Failing EpiPens linked to seven deaths so far this year

EpiPen maker Mylan Pharmaceuticals was the subject of a high-profile Congressional inquiry last year. Federal lawmakers investigated the company for alleged price-fixing after published reports showed the price of the life-saving devices skyrocketed from $50 to over $600 in the span of a few short years. Mylan faced lawsuits from rival manufacturers relating to the pricing and cosmetic changes to EpiPen devices allegedly implemented to prohibit generic versions from coming to market.

The company is now courting controversy again, but this time for a different – and much more serious – reason. There have been 228 “adverse event” reports to the federal Food and Drug Administration (FDA) related to the EpiPen and EpiPen Jr. products so far this year. Furthermore, seven patients tragically lost their lives after the devices failed to deploy correctly to administer medication designed to halt anaphylactic allergic reactions. An additional 35 people required hospitalization after their EpiPens failed.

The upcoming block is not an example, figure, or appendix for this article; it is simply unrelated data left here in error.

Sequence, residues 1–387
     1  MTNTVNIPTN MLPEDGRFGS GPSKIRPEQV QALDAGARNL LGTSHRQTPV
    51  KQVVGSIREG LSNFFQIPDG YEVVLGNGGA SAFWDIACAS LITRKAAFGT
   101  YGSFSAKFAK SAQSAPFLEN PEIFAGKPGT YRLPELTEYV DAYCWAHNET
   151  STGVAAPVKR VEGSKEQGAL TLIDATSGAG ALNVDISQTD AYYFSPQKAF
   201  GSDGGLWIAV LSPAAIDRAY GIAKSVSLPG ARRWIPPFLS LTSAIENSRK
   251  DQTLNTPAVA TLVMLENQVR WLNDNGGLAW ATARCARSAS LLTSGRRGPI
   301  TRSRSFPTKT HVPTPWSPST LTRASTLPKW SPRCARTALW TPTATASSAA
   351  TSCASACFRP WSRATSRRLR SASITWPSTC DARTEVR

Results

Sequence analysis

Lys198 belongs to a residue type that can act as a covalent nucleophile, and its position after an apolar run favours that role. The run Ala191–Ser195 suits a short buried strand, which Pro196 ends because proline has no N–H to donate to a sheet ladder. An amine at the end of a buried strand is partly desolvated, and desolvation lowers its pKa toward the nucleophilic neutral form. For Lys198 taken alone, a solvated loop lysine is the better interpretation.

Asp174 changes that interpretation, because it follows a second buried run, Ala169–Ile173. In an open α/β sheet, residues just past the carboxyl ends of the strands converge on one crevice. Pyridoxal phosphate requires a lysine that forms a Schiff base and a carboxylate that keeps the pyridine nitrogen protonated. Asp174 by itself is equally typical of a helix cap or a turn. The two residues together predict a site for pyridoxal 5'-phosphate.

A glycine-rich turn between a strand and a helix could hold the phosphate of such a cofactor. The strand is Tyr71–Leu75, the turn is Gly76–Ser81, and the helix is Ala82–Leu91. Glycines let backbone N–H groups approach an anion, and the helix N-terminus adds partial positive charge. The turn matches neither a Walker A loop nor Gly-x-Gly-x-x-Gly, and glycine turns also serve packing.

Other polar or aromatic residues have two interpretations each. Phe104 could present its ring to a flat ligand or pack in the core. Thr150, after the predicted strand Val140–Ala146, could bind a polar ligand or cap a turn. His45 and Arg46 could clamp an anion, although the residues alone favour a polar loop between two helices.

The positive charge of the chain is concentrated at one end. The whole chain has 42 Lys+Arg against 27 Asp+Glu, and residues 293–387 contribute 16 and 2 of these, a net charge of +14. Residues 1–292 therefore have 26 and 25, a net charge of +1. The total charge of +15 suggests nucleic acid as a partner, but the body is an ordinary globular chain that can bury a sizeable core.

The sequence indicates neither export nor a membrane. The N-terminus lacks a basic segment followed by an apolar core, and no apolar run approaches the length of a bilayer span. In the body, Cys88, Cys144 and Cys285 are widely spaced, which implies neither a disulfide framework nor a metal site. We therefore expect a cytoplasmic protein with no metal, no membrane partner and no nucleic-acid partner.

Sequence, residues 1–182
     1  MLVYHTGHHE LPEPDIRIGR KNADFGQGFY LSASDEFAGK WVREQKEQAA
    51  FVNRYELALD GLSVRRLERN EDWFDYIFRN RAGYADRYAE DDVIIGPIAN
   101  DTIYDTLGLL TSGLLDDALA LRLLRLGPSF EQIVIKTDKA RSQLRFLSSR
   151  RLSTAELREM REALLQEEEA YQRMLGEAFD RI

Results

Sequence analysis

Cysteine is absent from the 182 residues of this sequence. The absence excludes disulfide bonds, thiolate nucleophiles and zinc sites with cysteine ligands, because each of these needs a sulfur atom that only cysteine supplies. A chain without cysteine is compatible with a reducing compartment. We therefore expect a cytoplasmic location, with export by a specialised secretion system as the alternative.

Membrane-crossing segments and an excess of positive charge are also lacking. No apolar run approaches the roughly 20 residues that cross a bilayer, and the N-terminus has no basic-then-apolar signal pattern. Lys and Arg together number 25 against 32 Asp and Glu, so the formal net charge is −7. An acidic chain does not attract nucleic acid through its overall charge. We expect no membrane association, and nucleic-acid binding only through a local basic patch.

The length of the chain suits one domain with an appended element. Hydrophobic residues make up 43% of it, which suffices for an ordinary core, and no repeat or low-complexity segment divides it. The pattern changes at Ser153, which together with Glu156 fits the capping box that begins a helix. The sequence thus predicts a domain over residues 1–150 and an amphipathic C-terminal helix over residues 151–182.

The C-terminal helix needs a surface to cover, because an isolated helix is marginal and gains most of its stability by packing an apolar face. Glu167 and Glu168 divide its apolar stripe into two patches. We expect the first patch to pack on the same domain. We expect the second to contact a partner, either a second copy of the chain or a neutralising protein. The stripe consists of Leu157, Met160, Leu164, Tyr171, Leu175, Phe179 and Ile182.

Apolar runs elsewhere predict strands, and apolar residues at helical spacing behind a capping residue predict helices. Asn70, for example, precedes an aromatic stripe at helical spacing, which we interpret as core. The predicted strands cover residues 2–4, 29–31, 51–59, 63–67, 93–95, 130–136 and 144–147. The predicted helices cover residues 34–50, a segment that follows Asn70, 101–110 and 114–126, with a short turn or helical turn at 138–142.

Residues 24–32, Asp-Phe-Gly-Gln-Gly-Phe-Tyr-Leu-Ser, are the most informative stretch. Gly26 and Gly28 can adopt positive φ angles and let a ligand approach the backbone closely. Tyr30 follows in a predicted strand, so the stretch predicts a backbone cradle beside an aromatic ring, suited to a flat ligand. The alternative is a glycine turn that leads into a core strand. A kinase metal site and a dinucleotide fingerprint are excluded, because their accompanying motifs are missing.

A history of defects

Mylan recalled some of its EpiPens in March of this year following reports of failures. An FDA inspection of the company’s Missouri manufacturing plant found devices from which the life-saving epinephrine had leaked out, and others where the injector mechanism itself was faulty.

EpiPens are only prescribed to people whose allergies are serious and potentially fatal. When the devices fail, these already-vulnerable patients pay the price. If you or someone you love was killed or hurt because of a defective life-saving medical tool or prescription medication, consult an experienced personal injury attorney. Bringing a legal claim may be the best way to recover much-needed compensation for your family and to prevent such a tragedy from happening to someone else.

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